Another singular character with whom I became acquainted early in my ministry, was old Mr. Sutton, of Cottenham. He had never seen me, but he heard that I was a popular young minister, so he invited me over to preach his anniversary sermons. 

I was in the vestry of the chapel before the morning service, and when the aged man came in, and saw me, he seemed greatly surprised to find that I was so young. After gruffly exchanging the usual greetings, he remarked, “I shouldn’t have asked you here, had I known you were such a bit of a boy. Why, the people have been pouring into the place all the morning in waggons, and dickey-carts, and all kinds of vehicles! More fools they!” he added. 

I said, “Well, sir, I suppose it will be so much the better for your anniversary; still, I can go back as easily as I came, and my people at Waterbeach will be very glad to see me.” “No, no,” said the old pastor; “now you are here, you must do the best you can. There is a young fellow over from Cambridge, who will help you; and we shan’t expect much from you;” and thereupon he paced the room, moaning out, “Oh, dear! what a pass the world is coming to when we get as preachers a parcel of boys who have not got their mother’s milk out of their mouths!”

I was in due time conducted to the pulpit, and the old minister sat upon the stairs,—I suppose, ready to go on with the service in case I should break down. After prayer and singing, I read, from the Book of Proverbs, the chapter containing the words, “The hoary head is a crown of glory.”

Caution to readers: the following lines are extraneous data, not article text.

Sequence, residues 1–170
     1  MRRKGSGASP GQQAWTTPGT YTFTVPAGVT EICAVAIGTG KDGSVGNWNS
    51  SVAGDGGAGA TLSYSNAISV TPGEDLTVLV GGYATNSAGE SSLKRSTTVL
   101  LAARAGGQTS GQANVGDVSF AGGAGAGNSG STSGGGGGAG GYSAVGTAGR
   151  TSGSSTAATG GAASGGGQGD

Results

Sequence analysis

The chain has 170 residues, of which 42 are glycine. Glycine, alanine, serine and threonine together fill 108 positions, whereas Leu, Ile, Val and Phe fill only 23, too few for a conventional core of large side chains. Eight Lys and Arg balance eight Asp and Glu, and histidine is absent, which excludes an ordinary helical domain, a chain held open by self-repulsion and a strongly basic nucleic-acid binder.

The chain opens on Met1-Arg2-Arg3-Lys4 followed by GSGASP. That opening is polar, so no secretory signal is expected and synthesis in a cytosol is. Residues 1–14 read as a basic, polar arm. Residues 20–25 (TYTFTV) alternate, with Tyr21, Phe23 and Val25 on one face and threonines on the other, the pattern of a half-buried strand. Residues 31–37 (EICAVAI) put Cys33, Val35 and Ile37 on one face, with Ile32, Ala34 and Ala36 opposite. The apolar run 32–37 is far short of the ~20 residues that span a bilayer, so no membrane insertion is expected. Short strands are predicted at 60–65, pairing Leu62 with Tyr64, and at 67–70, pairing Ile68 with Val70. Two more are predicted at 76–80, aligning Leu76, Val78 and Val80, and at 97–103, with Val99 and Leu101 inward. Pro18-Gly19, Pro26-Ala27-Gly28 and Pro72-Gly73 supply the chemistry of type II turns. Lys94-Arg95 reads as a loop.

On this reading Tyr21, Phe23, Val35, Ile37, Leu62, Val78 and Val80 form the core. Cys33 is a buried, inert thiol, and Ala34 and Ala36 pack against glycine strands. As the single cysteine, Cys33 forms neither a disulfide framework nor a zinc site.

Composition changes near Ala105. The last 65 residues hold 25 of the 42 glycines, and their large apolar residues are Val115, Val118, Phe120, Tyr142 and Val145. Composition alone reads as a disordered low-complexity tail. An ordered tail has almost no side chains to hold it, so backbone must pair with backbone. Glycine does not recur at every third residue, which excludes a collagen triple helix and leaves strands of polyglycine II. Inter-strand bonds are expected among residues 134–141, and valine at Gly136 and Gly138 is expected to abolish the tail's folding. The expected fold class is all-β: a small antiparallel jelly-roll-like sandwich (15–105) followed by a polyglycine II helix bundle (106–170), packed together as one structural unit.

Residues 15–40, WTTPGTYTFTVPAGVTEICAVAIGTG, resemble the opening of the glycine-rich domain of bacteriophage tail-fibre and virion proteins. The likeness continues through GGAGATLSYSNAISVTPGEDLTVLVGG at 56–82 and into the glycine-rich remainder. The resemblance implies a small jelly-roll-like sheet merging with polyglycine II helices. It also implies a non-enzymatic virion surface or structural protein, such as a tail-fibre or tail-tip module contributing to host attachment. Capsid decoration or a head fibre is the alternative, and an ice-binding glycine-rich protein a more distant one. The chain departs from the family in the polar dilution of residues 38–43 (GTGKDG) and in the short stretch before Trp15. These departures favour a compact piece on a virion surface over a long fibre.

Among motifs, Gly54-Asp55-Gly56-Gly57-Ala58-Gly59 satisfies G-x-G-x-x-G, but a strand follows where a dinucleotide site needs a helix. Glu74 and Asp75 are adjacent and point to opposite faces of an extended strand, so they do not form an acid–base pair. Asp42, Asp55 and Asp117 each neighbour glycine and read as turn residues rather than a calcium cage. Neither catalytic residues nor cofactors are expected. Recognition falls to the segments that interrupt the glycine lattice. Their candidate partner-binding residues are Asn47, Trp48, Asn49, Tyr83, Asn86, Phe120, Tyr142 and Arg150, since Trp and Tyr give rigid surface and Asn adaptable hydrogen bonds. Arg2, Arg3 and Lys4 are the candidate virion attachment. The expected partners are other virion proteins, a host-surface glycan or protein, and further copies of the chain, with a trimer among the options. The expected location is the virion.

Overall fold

When I had gone so far, I stopped, and remarked, “I doubt it, for, this very morning, I met with a man who has a hoary head, yet he has not learnt common civility to his fellow-men.” Proceeding with the reading, I finished the verse,—“if it be found in the way of righteousness.” “Ah!” I said, “that’s another thing; a hoary head would then be a crown of glory, and, for the matter of that, so would a red head, or a head of any other colour.” 

I went on with the service, and preached as best I could, and as I came down from the pulpit, Mr. Sutton slapped me on the back, and exclaimed, “Bless your heart! I have been a minister nearly forty years, and I was never better pleased with a sermon in all my life; but you are the sauciest dog that ever barked in a pulpit.” 

All the way home from the chapel, he kept on going across the road to speak to little groups of people who were discussing the service. I heard him say, “I never knew anything like it in all my life; and to think that I should have talked to him as I did!” We had a good time for the rest of the day, the Lord blessed the Word, and Mr. Sutton and I were ever afterwards the best of friends. 


07 October 2018

Mental wealth

Your weekly Dose of Spurgeon


The PyroManiacs devote some space each weekend to highlights from the lifetime of works from the Prince of Preachers, Charles Haddon Spurgeon.  The following excerpt is from The Metropolitan Tabernacle Pulpit, volume 41, sermon number 2,415, "The believer's heritage of joy."

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 They testimonies have I taken as an heritage for ever; for they are the rejoicing of my heart. Psalm 119:111

"A man’s mind is rich very much in proportion to the truth he knows."